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Originally posted by qty226:
I dont know why this happening.......but i can tell you that young black women, are feeling this..........and its painful.


quote:
Originally posted by ddouble:
Understand caribbean that most HBCU environments are going to have a higher than average Black gay population. When you get to Spelman, you'll see it too. In fact, there is a well-known lesbian/gay organization at the school. When you go to CAU & Morehouse, you'll see this too. The liberal arts environment is typically a more comfortable millieu for openly expressing sexual preference.


No, you get a high ratio of gays in higher education because we're alot less likely to fall for the bullshit that sucks up straight men. That all the high school girls want thugs mean nothing to us, so we have no use for trying to be one. And we're used to not having a bunch of friends to maintain a rep for, since nobody wants to be our friend, so we don't get caught up in the dead-end networking that leads to contentment in merely having esteem amongst your nobody pals, esteem maintained by an insular honor code. None of that ever means anything to us, so the only other option is thinking about our real-world futures. Don't begrudge us for doing well.
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Originally posted by ddouble:
I don't begrudge you Dr. Snacks - I didn't think my comments were negative. Confused Thanks for adding perspective to the thread.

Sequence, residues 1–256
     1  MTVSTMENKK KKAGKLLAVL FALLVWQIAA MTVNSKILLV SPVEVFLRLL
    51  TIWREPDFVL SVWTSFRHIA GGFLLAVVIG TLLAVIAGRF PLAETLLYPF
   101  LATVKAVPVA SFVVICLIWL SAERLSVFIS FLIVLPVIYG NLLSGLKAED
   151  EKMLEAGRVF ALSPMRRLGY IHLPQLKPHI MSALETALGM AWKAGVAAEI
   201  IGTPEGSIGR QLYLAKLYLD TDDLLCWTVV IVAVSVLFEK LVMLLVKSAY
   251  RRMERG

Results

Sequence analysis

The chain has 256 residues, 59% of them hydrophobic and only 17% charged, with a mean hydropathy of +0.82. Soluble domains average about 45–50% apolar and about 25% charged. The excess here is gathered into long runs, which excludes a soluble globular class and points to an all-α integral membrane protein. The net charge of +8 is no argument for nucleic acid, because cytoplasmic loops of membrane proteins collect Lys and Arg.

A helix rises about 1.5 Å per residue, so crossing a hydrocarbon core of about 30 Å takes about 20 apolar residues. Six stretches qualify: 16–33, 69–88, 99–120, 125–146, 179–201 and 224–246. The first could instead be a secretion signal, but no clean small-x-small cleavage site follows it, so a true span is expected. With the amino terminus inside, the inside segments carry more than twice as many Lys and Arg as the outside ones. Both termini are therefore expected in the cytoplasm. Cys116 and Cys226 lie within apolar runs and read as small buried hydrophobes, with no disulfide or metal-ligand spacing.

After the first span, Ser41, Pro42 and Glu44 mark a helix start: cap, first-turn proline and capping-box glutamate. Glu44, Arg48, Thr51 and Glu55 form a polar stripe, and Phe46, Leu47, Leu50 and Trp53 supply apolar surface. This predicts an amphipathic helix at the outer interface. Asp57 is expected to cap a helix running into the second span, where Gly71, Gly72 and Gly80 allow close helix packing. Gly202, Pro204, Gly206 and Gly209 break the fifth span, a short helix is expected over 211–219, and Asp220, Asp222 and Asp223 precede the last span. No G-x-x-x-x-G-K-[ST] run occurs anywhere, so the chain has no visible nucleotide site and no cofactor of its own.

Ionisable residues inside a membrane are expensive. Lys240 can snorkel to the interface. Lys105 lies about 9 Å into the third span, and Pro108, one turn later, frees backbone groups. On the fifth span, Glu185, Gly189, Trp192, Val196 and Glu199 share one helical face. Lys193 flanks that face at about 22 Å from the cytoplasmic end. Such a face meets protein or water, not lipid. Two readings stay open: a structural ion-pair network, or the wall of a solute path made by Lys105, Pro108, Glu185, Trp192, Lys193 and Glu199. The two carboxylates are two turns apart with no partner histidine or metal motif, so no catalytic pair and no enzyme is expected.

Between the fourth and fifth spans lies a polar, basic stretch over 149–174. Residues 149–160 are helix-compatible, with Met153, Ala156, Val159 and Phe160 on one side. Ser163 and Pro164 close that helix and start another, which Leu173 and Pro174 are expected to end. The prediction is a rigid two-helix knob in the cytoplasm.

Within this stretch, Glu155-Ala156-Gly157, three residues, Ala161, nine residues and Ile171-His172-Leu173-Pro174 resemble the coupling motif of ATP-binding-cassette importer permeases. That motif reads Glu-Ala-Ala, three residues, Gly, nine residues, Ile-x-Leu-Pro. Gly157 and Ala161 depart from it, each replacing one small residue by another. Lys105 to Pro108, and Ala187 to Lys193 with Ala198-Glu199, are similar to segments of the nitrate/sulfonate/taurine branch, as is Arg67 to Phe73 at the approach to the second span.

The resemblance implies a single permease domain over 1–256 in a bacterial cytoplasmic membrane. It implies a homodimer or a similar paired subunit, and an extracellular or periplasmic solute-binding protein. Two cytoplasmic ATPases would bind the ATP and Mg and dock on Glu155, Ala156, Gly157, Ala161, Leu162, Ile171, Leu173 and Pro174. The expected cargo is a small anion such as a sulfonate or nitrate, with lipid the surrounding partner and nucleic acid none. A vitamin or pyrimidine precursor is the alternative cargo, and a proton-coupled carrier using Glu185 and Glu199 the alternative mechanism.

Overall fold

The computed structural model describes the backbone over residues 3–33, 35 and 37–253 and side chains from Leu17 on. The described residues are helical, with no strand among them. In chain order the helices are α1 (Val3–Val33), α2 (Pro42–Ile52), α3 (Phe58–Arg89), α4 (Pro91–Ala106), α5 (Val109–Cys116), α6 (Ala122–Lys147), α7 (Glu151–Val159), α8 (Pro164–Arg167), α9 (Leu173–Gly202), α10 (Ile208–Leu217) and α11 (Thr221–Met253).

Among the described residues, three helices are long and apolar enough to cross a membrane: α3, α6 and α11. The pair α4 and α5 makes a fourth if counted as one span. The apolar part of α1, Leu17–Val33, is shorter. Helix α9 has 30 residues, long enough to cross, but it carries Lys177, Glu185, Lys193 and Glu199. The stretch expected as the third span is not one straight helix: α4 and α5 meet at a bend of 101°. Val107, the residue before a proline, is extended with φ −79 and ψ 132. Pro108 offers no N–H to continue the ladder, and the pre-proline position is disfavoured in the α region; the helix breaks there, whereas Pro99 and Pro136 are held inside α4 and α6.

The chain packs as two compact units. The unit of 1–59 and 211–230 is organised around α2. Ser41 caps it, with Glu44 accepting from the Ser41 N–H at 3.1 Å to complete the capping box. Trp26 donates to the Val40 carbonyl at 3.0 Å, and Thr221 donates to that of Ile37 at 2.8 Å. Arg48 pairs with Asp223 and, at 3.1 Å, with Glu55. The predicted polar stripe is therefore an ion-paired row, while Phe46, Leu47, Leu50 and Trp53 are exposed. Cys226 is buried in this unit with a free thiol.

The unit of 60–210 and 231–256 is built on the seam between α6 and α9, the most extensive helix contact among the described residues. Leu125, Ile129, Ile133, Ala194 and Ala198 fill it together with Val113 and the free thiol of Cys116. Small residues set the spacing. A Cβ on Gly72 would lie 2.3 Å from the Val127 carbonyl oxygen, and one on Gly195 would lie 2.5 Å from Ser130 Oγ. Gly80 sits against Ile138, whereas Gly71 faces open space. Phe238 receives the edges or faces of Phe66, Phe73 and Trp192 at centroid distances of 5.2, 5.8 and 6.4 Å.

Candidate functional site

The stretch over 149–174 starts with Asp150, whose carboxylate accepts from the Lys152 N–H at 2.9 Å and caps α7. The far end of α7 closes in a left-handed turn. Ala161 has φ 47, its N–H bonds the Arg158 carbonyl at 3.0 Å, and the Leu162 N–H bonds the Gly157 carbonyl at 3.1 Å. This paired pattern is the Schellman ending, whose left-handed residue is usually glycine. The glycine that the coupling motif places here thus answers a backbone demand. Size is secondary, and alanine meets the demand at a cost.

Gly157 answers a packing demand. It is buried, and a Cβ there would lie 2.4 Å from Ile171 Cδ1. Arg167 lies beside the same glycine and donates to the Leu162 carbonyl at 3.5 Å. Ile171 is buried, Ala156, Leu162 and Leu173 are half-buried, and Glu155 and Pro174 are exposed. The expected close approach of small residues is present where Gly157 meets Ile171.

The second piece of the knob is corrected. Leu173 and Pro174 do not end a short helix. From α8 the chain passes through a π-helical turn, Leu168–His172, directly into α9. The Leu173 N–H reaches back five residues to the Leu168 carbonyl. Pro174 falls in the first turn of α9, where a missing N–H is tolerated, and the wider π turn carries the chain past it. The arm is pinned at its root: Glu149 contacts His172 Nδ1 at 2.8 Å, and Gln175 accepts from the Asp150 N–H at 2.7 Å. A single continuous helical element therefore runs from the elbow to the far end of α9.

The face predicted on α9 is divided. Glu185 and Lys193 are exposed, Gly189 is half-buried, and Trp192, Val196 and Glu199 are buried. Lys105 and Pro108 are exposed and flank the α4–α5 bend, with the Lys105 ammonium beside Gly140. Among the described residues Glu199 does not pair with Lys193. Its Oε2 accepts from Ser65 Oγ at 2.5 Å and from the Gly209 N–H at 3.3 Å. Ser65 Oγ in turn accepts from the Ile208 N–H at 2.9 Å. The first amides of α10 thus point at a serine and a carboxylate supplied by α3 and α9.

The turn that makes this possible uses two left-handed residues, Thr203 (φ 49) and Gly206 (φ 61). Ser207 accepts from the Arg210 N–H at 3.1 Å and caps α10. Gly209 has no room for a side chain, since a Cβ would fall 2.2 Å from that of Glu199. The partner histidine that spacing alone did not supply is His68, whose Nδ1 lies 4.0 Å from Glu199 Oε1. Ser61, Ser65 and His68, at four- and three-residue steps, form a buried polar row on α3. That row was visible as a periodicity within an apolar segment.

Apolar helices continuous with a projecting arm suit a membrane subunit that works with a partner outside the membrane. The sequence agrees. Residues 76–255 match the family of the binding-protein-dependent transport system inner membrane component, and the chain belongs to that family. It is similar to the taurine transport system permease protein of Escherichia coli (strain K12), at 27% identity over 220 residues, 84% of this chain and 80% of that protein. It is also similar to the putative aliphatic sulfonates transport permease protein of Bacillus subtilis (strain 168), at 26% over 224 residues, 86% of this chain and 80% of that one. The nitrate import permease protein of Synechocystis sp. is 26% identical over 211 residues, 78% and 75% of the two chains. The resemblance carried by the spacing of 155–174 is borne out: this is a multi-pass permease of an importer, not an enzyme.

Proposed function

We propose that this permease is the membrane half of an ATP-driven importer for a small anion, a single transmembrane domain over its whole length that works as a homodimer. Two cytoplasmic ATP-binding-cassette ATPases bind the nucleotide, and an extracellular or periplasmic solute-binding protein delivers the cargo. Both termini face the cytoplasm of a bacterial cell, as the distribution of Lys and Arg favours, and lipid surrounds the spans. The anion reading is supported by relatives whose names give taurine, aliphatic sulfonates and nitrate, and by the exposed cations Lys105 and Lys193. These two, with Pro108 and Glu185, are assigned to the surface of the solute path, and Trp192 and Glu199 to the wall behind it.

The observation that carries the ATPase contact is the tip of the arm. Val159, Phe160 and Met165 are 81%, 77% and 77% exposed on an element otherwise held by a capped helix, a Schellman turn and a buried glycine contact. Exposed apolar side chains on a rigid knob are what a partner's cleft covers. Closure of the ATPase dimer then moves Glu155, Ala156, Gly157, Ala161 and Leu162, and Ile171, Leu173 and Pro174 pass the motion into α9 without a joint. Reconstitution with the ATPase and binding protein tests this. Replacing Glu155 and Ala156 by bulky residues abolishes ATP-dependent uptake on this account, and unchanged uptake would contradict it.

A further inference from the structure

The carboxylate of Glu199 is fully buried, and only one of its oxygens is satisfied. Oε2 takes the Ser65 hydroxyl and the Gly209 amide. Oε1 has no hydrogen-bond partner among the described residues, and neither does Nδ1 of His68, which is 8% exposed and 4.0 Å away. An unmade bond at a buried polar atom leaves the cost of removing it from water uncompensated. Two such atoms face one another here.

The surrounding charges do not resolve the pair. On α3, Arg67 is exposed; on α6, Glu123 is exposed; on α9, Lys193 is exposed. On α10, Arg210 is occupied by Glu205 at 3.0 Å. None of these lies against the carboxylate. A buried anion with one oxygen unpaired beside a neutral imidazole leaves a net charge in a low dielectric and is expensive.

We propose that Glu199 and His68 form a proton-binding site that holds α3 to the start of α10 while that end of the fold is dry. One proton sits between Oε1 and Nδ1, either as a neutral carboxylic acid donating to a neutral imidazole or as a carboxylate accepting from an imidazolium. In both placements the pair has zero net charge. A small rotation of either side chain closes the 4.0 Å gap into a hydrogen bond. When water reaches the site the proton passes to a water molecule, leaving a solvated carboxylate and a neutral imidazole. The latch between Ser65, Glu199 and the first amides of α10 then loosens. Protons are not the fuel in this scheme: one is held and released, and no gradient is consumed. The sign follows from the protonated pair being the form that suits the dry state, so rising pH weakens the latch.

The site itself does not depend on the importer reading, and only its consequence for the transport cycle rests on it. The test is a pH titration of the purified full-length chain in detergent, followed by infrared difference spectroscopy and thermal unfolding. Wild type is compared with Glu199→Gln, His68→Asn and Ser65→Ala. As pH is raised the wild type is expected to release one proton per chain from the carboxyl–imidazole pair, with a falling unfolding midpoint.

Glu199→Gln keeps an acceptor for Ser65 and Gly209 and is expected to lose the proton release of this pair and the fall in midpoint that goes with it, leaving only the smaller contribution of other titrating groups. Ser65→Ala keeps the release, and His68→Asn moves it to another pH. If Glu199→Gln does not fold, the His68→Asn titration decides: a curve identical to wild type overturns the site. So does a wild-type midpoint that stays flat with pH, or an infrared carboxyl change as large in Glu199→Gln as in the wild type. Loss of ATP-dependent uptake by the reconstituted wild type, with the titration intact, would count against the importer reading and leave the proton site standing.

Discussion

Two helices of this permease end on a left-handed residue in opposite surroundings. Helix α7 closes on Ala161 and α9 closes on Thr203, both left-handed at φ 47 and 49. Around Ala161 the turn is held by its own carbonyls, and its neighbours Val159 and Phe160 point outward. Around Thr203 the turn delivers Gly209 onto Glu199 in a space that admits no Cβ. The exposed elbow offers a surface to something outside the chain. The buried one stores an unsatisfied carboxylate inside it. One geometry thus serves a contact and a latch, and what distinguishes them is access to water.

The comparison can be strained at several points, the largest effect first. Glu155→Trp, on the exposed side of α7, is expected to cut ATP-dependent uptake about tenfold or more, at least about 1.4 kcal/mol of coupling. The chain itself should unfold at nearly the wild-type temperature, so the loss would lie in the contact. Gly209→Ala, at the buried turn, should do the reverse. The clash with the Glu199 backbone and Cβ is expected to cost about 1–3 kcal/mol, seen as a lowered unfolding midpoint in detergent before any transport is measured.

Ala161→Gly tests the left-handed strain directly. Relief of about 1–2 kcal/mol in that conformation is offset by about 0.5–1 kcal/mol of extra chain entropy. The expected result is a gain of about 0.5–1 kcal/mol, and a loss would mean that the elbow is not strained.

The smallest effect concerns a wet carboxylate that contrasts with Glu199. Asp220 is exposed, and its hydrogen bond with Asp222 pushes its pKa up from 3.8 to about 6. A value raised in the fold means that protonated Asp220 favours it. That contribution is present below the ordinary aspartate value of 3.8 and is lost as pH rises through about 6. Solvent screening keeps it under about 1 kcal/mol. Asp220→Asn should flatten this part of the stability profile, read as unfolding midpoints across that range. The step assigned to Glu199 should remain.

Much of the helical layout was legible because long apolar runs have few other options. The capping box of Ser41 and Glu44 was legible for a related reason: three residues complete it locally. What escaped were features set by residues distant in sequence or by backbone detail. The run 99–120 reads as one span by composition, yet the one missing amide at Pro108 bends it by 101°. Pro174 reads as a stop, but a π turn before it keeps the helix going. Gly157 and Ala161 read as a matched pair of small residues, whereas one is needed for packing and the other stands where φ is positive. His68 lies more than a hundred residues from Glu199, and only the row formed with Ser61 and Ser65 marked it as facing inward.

Sorry. The "begrudge" was a response to some of the replies in general. I quoted your response because I don't think that the percentage of gays in college is only the result of the free liberal arts environment.
Dr Snacks.......

My point wasnt directed towards gay men.....but straight men. We are not seeing a lot of straight men in colleges, etc.....and its hurtful to 'straight' women.

Also....i think that 'some' girls wanting 'thugs', shouldnt be a reason why black men are not in college.

Black men gay/straight.....are having a hard time.

I dont begrudge you.......you have my respect.
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Originally posted by qty226:
Dr Snacks.......

My point wasnt directed towards gay men.....but straight men. We are not seeing a lot of straight men in colleges, etc.....and its hurtful to 'straight' women.

Also....i think that 'some' girls wanting 'thugs', shouldnt be a reason why black men are not in college.

Black men gay/straight.....are having a hard time.

I dont begrudge you.......you have my respect.


Now I feel bad for being so defensive.

Anyway, it's painful to me too to see the ratio of straight women to men in higher education so dramatically off balance. I don't like the idea that they'll be so few black families from educated backgrounds in the future.
If there is a disproportionate percentage of gay black males in college, varsus straight black males, and that disproportion does not exist among white males, then we have the solid makings of a great opportunity to clarify and pinpoint the problems that young (mainly straight) black males are having. If it's simply a disproportion of black women to men, there are many more possibilities to look at. But if we see the disproportion exists vis a vis sexual orientation, then I think the problem can come down to issues which impact straight black males' motives, or motivations, and what factors influence them or target them toward our tendency toward failure.

Dr. Snacks, welcome to the site!! hat
quote:
Originally posted by Vox: